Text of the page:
and "bad usability" are harder to measure.
The last column
was mostly about the usability issues, but I am considering doing
a follow up in a couple of months about the programming difficulty.
existed, it would need a number of modes to imitate all the different
browser versions. Programmers doing web sites accept code that
has very little static checking - if your C compiler gave you
the same behaviour you would be furious. There is also huge difficulty
involved once you have to allow for the interactions between HTML,
a C library to generate the pages, as is often used in embedded
Your article on web-enabled
solution for embedded devices, posted on embedded.com was helpful
to some extent. I have to develop a rich GUI for the device, installed
with Linux OS. I have already tried out with HTML solution, but
the page-refresh time is beyond acceptable criteria. Few of the
constraints I am bound with are,
OS : Linux
Flash Memory : 16 MB
RAM : 256
The web server and
Web-based GUI are required to run on the same device. Also device
can be controlled from the remote system, not necessarily > running
on Linux. The reason for choosing web-based solution is to go
for "write once and run anywhere" philosophy. And as you guess
the communication is over TCP/IP.
Pls. throw light on the right technology that can be deployed
with all constraints mentioned.
If they are on the
same device then the browser approach is bound to be expensive.
You have to run a web server (small resources) and a browser (big
resources) and all of the input/output for the application has
to be in html which is not great for controling a system (OK for
output only). and you still need XWindows or MicroWindows or something
like that, which the browser runs on top of (usually).
The biggest problem
with the page refreshes in HTML is that after each request you
have to update an entire page, you can not just refresh one small
piece in the middle that has changed, and leave eveything else
as it is.
What I would do
is the following, but please allow for the fact that I am not
familiar with all of the requirements of your system. Write the
application with a text based interface - call this process the
server process. You can then run the server from the command line
(unix shell) or get another process to control it. You can then
write the GUI process and commands (button pushes, slider changes
etc). get transformed in to text messages to the server. Replies
from the server get reflected on the GUI - maybe not as text.
The reply "speed=10" from the server may cause a bargraph to show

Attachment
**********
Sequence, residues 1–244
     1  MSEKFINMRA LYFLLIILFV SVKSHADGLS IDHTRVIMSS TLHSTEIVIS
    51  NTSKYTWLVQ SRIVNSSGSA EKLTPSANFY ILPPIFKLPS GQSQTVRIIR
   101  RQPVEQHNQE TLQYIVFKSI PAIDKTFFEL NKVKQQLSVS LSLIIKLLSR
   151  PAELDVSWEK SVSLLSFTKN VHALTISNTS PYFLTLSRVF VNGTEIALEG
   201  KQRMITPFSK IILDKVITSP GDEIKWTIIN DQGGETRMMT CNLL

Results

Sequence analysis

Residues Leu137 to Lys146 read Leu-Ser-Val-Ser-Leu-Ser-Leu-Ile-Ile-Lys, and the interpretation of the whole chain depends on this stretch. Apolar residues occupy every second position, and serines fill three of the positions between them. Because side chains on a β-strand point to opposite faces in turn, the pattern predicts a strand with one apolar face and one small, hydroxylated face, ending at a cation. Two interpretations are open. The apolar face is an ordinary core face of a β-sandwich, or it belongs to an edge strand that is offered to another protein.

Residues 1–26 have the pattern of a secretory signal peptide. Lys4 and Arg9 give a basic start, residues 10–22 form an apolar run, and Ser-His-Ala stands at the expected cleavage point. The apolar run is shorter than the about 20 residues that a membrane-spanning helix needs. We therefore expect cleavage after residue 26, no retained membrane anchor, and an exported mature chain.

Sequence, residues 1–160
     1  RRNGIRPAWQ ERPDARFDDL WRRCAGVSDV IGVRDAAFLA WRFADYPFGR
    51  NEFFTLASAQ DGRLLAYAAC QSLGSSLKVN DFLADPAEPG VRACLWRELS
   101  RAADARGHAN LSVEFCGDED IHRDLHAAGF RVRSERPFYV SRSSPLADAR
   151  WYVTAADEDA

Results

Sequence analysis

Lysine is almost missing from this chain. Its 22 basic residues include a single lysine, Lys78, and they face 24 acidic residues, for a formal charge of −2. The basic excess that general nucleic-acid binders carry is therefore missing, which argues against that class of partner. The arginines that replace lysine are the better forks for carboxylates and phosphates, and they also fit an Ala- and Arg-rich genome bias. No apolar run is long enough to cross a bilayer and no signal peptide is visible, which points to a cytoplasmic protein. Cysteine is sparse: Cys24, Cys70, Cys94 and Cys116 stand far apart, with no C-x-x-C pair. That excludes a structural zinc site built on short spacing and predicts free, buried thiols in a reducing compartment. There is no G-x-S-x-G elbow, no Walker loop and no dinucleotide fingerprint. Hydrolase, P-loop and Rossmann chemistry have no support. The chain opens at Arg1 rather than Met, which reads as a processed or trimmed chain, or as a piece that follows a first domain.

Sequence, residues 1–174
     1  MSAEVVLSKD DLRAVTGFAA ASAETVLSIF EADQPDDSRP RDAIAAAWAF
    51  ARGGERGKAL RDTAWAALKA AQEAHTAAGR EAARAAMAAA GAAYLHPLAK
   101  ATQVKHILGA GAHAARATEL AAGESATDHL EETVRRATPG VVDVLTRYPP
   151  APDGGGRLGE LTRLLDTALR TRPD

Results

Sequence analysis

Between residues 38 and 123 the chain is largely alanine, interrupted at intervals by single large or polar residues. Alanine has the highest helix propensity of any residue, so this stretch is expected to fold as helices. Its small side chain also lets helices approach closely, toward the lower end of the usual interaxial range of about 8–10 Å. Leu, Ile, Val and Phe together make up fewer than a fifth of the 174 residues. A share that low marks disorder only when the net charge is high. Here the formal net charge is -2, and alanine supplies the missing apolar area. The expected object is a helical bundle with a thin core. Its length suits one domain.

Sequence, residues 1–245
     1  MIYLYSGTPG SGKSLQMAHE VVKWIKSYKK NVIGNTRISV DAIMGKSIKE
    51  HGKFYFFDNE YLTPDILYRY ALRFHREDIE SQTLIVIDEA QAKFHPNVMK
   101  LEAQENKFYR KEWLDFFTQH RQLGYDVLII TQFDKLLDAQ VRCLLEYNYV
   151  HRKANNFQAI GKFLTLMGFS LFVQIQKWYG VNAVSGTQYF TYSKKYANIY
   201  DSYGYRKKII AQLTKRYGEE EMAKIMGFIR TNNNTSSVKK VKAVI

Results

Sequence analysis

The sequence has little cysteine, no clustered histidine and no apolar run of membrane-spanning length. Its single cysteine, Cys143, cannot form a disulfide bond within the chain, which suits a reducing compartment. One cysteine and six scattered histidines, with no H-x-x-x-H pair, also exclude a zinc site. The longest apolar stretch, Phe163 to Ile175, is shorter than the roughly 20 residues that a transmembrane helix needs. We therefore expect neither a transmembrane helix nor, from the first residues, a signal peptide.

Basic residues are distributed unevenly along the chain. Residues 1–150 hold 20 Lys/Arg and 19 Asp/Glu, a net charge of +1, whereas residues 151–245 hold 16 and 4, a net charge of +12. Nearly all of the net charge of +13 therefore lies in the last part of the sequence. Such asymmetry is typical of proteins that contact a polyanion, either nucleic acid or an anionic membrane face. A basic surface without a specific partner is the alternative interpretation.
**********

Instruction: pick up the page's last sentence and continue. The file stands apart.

the speed on the GUI. If the data is more complex - say a graph,
then a series of numbers is passed.
The next question
is how to write the GUI. Well if you have XWindows or Qt or Microwindows.
you can use that API to write the GUI. It is a bit harder than
writing HTML, but usabilityt will be a lot better.
Now for remote clients:
If the client is also linux, then the same GUI can run, but the
text commands have to pass from one machine to another - easy
to do with sockets - the server will not even know that the requests
are now remote. Now for non-linux clients. If you have managed
to keep the text interface simple, and managed to keep all of
the hard work in the server then it should be very easy to write
a Visual Basic (or Borland C++ Builder, or Visual C++ or whatever)
client program that sends text messgaes to the server. You have
lost the "write once-run anywhere" properties of a web server,
but wrtiing a dedicated application will have far better results.
If most of the work is on the server, then writing and maintaining
these clients will not be difficult.
If someone is at
an unsupported client then they always have the option of telneting
to the linux box and using the text interface - assuming that
the text interface is usable for a human, which probably depends
on the complexity of the application.
If you still want
web access, then a web server sitting somewhere on the internet
could serve a page that sends requests to your linux box and converts
the replay into HTML, which means you still have a web interface,
though it may still suffer from the page refresh problems you
describe - but maybe not if the browser is now running on a Pentium-PC
with loads of resources instead of sharing a machine with the
This text based
server approach is the way GDB works - you can run it from the
command line, but there are plenty of GUIs (like VGD - Visual
GNU Debugger) which run by launching gdb as a process and then
running a GUI as a seperate process. If you press the "halt" button,
the GUI sends the "stop" text command.
In general I think
that you will find the "write once and run anywhere" philosophy
only really works for the simplest applications, and often creates
more problems than it solves. I have seen it justified in some
projects like network routers, where the web/HTML based interface
is for maintainence only, and the quality of the interface is
not of much concern to the customers.
I hope this helps